Adjusting textures and UVs inside of Octane Node Editor to make changes to the surfaces of the 3D objects found in the scene. Dustin talks about how to eliminate repeating patterns and make sure your materials are working for you.

  • Generator Nodes

    Not everything you want to do as an artist can be found produced by someone else. The same is true here. Often you are going to want to make some materials from scratch or alter significantly the materials you have, Dustin walks you through the generator nodes in Octane in order to help fuel your...

  • Map Nodes

    We continue to learn about customization of materials in Octane Node Editor by using map nodes. Map nodes are very similar to the blending modes in Photoshop. Here you learn how to use these “blending modes” to your advantage in 3D.

  • Displacement Nodes

    Displacement is moving surface textures outward or inward to create mild or massive moves in the surface textures. This is a great feature for creating terrain features in planes.

  • Emission Nodes

    Dustin has discussed using emission nodes to creating light in Octane, this whole section is dedicated to the emission node and its ability to create those lighting effects.

  • End Chapter Outro

    Dustin gives some parting thoughts from this chapter.

  • Creating Our First Set Of Materials Together

    Let’s take a moment and practice making our first materials together! Be sure to download the course content if you haven’t done so already. We’ll be using what we’ve learned so far as a base in this practice.

  • Metal Materials

    Dustin walks you through step one of a multiple phase project developing and using materials for a 3D model of a chair. In this first step you will work on perfecting the metal base of the chair.

  • Plastic Material

    Jumping into step two of this multiple phase project developing and using materials for a 3D model of a chair. In this second step, you will work on perfecting the plastic seat base of the chair.

  • Wood Material

    Dustin continues working with the chair model but now introducing wood grains into the equation. Working with grains can be tricky because of repeating patterns. Dustin talks about his tricks to make wood function.

  • Fabric Material

    Continuing work on the chair, we work with fabric on the surface of the seat. Trying various materials and sizes of materials on the chair.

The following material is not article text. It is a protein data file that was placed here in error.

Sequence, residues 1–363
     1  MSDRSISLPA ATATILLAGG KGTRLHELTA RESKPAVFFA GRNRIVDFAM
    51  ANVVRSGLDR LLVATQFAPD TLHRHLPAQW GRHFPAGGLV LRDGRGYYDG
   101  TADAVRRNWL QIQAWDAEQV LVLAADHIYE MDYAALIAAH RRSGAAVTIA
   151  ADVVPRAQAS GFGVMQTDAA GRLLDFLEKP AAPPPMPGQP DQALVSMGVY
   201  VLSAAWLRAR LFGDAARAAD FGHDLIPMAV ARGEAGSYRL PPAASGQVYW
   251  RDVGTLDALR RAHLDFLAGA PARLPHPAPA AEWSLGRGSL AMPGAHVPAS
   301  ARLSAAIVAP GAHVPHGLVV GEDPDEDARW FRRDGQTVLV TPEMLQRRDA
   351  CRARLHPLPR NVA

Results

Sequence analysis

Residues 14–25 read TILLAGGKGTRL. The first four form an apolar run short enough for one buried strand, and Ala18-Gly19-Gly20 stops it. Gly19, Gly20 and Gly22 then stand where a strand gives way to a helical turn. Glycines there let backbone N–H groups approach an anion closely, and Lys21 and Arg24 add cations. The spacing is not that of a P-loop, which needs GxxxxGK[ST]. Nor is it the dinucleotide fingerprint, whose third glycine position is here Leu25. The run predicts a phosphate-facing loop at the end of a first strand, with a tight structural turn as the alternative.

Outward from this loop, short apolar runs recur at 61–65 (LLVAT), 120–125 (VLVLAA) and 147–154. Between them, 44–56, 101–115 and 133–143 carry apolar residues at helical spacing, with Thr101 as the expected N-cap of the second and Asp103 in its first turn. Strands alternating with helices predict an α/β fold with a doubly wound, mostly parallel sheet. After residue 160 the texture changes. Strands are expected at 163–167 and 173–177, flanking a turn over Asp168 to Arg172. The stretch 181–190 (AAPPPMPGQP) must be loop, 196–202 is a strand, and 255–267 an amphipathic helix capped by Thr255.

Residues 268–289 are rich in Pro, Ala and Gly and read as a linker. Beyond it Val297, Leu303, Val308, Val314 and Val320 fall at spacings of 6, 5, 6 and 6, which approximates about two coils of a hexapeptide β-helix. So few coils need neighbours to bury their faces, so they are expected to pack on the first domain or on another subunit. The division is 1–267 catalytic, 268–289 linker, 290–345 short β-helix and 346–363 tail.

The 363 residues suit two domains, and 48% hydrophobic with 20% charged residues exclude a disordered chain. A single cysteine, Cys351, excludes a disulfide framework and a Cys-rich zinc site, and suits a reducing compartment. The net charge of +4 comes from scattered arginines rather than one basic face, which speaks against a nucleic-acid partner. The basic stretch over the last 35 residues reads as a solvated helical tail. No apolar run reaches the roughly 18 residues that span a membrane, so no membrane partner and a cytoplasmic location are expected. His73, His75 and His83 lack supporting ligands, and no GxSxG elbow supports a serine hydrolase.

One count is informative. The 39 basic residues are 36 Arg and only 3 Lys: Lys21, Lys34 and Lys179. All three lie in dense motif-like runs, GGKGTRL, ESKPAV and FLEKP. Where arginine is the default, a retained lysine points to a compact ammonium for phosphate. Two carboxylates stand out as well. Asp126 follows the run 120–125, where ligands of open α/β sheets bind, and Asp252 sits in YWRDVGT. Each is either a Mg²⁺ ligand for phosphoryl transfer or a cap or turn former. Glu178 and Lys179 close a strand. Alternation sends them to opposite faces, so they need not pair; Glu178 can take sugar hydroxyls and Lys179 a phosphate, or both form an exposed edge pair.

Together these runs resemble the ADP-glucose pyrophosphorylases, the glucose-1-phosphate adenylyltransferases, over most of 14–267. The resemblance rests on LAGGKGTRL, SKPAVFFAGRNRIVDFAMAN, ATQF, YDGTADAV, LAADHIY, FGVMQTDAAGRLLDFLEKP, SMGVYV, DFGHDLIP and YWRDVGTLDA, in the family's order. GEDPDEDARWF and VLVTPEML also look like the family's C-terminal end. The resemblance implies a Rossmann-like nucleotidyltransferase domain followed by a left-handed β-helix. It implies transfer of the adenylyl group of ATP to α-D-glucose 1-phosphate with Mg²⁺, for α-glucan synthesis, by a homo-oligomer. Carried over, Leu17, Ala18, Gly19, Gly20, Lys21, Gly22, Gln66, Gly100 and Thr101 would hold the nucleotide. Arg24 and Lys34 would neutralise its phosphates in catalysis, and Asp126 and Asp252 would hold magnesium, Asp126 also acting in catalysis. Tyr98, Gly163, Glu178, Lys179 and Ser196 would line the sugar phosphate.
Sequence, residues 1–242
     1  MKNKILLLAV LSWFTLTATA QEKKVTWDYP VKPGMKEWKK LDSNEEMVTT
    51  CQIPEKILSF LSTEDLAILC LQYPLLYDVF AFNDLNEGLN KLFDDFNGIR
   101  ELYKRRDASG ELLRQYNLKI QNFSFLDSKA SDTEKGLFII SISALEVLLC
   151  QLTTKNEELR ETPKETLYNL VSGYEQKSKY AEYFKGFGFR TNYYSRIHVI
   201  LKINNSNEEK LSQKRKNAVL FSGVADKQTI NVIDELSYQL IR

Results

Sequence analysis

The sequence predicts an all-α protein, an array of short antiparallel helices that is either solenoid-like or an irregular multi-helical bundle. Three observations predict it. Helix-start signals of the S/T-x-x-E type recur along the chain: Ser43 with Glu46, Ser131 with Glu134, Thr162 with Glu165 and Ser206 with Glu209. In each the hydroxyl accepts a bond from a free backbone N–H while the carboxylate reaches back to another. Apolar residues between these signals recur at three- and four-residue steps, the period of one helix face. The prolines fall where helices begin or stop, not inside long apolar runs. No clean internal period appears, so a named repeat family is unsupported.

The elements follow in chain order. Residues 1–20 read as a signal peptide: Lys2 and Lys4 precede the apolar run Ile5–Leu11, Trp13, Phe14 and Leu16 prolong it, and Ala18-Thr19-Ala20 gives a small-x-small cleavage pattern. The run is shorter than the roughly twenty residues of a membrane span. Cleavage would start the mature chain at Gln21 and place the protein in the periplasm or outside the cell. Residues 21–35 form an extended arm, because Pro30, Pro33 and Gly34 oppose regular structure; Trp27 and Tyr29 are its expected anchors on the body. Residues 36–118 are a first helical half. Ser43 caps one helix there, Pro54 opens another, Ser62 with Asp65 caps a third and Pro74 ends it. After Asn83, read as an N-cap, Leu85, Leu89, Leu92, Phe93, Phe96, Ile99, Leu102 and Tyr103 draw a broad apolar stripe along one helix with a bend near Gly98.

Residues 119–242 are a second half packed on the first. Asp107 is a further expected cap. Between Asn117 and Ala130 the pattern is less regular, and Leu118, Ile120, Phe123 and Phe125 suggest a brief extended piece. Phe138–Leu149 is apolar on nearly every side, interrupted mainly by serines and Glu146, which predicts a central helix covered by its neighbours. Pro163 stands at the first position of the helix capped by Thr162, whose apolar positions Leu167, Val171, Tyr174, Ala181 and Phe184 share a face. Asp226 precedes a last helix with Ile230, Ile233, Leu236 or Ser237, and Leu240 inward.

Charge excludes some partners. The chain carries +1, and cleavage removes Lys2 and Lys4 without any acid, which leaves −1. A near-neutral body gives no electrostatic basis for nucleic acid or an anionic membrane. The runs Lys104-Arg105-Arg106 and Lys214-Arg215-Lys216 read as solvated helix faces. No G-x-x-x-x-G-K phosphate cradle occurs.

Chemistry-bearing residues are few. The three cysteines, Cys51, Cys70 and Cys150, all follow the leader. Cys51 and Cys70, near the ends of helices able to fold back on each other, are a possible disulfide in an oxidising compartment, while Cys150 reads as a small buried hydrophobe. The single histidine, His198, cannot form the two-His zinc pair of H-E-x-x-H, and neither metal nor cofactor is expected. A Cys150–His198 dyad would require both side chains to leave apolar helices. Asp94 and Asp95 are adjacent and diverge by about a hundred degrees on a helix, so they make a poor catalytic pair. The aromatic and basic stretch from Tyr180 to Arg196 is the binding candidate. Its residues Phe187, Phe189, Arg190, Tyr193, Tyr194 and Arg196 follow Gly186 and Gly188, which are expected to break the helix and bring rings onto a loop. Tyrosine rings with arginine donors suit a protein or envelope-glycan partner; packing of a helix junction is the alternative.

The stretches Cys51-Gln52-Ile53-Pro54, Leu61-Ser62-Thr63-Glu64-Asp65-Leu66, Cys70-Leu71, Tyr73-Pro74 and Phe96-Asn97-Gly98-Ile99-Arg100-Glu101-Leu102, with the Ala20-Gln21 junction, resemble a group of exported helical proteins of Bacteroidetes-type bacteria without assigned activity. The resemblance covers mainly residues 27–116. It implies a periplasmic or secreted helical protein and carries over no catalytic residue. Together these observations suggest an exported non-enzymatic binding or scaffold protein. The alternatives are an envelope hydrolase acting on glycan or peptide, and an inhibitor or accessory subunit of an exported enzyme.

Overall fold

• Glass Material

    We continue to practice with the model chair by introducing glass to the chair. Dustin uses the final material on the chair to help you understand the principles of glass.

  • Beauty Passes Overview

    Dustin talks about using the Beauty pass in the Octane. Breaking apart your render into several different elements gives you the ability to isolate specifics of the file. Beauty passes are elements or layers that make up your “final” rendered image. These passes are greatly useful in compositing ...

  • Info Passes Overview

    Dustin talks about using the info passes in the Octane section of render settings. Info passes play a huge role in post-production. They are what makes selections, relighting and grading easy! Whether using ID (masking) passes or normals this section of render settings is used to output various l...

  • Lighting Passes Overview

    Dustin explains tools for rendering your lighting setups onto the model. These passes allow you to split each light in your scene into its own rendered layer. This is great for enhancing specific lights in post, easily without having to guess what that light would be affecting in your scene.

  • Tip Creating A Clown Pass Using Octane Tag

    The “clown pass” is an amazing pass using the Object ID render pass in Octane. It gives you control over selections of each individual object in post by assigning a random color to each object in your “null” or group which is applied an Octane Object Tag and setting the Layer ID to 2. You can see...

  • Setting Up Render Settings and Savings Presets

    In this section, Dustin tackles the render settings that give you the best render for the current job you are doing. What the options are in your rendering and how you can create presets for your go-to needs.

  • CGI Final Thoughts